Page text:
6. “I’m On Fire”
Springsteen turns crooner; this number is definitely for the ladies: “Hey little girl, is your daddy home? / Did he go and leave you all alone / I got a bad desire / ohh ohh ohh I’m on fire.” The vocals smolder, and the sparse instrumentation constructed out of synthesizer, snare drum, and guitar riff (based, according to Springsteen, off of a Johnny Cash and Tennessee Three rhythm he was playing with in the studio one night) is clearly built to give Springsteen room to do just that.
The video starring Springsteen as a mechanic working on the car of a lonely rich woman of this song plays into that image, “I’m On Fire” would reach No. 6 on the Hot 100 and remain on the chart for 20 weeks.
7. “No Surrender”
“No Surrender” is an anthem of friendship and youth and never giving up, most notable for the lyric, “We learned more from a three-minute record /than we ever learned in school.” It was a last-minute addition to the record, included at the urging of Steve Van Zandt even as he left the E Street Band to pursue a solo career. Van Zandt was right: “No Surrender” is a pounding, driving, rollercoaster of positivity, rainbows, blue skies and white fluffy clouds that’s become a Springsteen classic.
8. “Bobby Jean”
“Bobby Jean” is a rollicking 4/4 ballad whose highlight is the plaintive sax solo from Clarence Clemons which brings the song to a close. It’s deceptively powerful, the story building in momentum from verse to verse, and was absolutely written to be sung in a stadium so the entire crowd could wave their hands in the air back and forth in time. The song is believed to be written in tribute to Steve Van Zandt and his friendship with Springsteen:
“Now there ain’t nobody, nowhere
nohow gonna ever understand me the way you did
Maybe you’ll be out there on that
road somewhere, in some bus or train traveling along, in some motel room there’ll be a radio playing and you’ll hear me sing this song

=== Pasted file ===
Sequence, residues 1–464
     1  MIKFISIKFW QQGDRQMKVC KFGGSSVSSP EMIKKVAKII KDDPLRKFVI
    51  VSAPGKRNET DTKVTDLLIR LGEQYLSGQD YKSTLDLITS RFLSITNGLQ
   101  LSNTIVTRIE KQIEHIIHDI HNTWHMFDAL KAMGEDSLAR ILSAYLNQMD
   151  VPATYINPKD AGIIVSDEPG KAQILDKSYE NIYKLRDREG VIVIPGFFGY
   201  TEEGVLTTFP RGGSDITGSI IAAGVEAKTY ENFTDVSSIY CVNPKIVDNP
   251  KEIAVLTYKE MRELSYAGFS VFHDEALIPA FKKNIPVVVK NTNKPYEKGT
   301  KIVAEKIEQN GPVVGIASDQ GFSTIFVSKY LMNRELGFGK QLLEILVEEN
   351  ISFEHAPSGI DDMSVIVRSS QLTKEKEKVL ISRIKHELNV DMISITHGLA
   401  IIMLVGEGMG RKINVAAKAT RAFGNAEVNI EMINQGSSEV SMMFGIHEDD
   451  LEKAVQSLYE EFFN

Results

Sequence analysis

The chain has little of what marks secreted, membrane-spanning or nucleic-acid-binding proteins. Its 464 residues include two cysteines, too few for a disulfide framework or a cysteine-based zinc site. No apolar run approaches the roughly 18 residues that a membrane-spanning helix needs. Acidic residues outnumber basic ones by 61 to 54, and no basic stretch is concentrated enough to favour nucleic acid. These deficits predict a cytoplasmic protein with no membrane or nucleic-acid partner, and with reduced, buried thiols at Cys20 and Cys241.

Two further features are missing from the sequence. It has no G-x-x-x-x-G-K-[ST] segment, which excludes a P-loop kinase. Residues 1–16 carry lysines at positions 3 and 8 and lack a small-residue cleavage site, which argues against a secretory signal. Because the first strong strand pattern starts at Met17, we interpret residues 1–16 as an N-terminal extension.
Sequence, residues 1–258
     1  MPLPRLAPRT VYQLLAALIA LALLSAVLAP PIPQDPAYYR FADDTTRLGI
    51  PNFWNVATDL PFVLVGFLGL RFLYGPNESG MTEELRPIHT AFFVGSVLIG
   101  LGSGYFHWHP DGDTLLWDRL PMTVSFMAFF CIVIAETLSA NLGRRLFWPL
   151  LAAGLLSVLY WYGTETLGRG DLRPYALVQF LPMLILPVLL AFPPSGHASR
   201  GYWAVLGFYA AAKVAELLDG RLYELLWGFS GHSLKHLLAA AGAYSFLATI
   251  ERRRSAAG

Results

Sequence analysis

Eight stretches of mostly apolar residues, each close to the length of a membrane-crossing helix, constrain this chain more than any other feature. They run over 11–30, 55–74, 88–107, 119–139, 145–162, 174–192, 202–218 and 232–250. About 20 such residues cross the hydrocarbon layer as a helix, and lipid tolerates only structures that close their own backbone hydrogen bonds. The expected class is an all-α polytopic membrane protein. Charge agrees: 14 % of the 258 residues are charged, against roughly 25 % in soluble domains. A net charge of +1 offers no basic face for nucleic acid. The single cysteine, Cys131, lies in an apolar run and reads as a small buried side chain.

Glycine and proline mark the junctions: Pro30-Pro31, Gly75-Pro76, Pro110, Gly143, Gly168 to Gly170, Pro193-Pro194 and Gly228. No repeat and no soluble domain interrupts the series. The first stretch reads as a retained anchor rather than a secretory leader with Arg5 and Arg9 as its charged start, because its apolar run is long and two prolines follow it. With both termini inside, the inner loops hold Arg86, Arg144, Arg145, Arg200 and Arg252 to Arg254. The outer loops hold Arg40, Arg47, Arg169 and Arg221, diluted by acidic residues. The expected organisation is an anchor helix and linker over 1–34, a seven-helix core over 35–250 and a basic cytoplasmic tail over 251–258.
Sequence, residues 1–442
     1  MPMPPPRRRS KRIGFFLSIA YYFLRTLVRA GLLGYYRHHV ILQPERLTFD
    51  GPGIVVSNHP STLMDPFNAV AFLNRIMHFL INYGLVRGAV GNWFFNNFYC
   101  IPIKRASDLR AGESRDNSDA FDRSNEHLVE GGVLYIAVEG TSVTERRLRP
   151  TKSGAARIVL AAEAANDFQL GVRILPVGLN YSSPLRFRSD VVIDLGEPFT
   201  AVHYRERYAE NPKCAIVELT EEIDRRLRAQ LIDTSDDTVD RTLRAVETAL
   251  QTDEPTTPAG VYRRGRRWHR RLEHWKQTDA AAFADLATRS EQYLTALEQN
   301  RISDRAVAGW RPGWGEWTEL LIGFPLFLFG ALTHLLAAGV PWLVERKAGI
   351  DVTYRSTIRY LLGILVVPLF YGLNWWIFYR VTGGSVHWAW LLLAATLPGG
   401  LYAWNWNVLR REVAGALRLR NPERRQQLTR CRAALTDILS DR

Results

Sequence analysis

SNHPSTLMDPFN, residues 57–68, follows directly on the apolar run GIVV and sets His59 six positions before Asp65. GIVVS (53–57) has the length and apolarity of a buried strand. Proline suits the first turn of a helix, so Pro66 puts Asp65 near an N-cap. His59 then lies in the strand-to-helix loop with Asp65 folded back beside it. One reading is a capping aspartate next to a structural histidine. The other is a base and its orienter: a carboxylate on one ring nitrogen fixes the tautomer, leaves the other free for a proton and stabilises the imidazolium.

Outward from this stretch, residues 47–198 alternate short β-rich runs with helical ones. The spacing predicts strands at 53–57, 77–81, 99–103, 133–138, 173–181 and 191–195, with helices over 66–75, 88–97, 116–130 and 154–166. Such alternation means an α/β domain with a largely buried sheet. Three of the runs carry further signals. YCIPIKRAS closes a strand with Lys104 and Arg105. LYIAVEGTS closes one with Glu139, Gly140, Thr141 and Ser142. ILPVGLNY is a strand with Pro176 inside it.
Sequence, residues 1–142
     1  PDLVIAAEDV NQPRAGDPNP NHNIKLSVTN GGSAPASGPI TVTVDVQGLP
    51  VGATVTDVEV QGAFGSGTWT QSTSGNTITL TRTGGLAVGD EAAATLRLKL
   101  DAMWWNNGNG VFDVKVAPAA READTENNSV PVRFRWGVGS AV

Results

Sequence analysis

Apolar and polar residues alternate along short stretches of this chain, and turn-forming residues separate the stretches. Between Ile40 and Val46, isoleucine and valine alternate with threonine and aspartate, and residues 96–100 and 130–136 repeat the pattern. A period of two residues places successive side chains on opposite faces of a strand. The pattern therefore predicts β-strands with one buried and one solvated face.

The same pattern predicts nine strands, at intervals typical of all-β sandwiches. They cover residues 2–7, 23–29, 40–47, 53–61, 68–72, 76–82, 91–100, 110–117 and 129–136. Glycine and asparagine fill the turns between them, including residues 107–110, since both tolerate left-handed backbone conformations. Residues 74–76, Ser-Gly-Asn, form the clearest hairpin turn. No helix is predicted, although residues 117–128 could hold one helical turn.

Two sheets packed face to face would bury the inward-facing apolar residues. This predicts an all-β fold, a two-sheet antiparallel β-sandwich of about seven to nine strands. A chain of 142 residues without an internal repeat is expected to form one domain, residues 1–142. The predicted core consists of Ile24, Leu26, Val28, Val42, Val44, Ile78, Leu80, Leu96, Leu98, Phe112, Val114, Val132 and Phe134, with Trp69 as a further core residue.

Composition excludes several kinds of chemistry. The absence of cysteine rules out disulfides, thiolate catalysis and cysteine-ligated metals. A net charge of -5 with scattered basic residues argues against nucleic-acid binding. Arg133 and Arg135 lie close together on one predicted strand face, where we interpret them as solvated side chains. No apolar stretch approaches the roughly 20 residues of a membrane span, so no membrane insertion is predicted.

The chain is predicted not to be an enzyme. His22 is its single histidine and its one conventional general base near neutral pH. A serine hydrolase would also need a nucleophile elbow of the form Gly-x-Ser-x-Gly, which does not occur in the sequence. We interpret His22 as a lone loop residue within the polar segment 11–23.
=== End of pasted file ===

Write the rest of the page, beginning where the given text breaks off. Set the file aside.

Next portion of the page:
Well, if you do, you’ll know I’m
thinking of you and all the miles in between and
I’m just calling one last time
Not to change your mind, but just
to say I miss you baby, good luck, goodbye Bobby Jean“
The liner notes of “Born In The USA” offered the dedication: “Buon viaggo, mio fratello, Little Steven.”
9. “I’m Goin’ Down”
“I’m Goin’ Down” is easily the most underrated song “Born In The USA” despite its chart success — it reached No. 9 on the Hot 100. It’s a prime exemplar of the kind of good-time party song that Springsteen and E Street do best, sliding easily through the verses with a deceptively sad tale of faded love despite the bouncing rhythm. And, yes, there’s another golden Clarence Clemons sax solo right in the middle, and a fun, jumping end. It’s another song that’s still a crowd pleaser around the globe, and with good reason.
10. “Glory Days”
Another one written for a stadium-sized sing-along, “Glory Days” is a tale of lost youth and adult resignation and acceptance of where you’ve ended up: high school baseball stars, marriages that didn’t quite work out, and sitting around talking about the good ol’ times.
“I had a friend was a big baseball
player back in high school (yeah)
He could throw that speedball
by you, make you look like a fool boy
Saw him the other night at this
roadside bar, I was walking in, he was walking out
We went back inside, sat down,
had a few drinks, but all he kept talking about was
The video starred Springsteen as the aforementioned baseball player, and also featured his new wife, Julianne Phillips, in a walk-on role. “Glory Days” would peak at No. 5 on the Hot 100 and stay on the chart for 18 weeks.
11. “Dancing In The Dark”
There was a point at which “Born In The U.S.A.” was finished, but Springsteen’s manager, Jon Landau, told Bruce that he still needed a single. “Dancing In The Dark” was what he came back with. “It went as far in the direction of pop music as I wanted to go — and probably a little farther,” he later said. (That doesn’t explain the Arthur Baker 12′ remixes, however.) “Dancing In The Dark” was the first single, and the most popular song from the record, reaching No. 2 on the Hot 100 and spending 21 weeks on the chart.
It was helped along by its video, directed by Brian DePalma, and featuring a then-unknown Courtney Cox, pulled out of the audience by her hero to dance onstage. The video inspired hundreds of bad dance moves and hundreds of dreams of dancing onstage for Springsteen fans of both sexes.
12. “My Hometown”
This poignant ballad inspired by events in Freehold, New Jersey, Springsteen’s actual hometown, tied back into the themes introduced by the title track — events that impact a community, such as factory closures and racial incidents — but with the reminder that no matter what, this was still your hometown, and you should stand by it. “My Hometown” would go to No. 6 on the Hot 100 and remain on the chart for 15 weeks.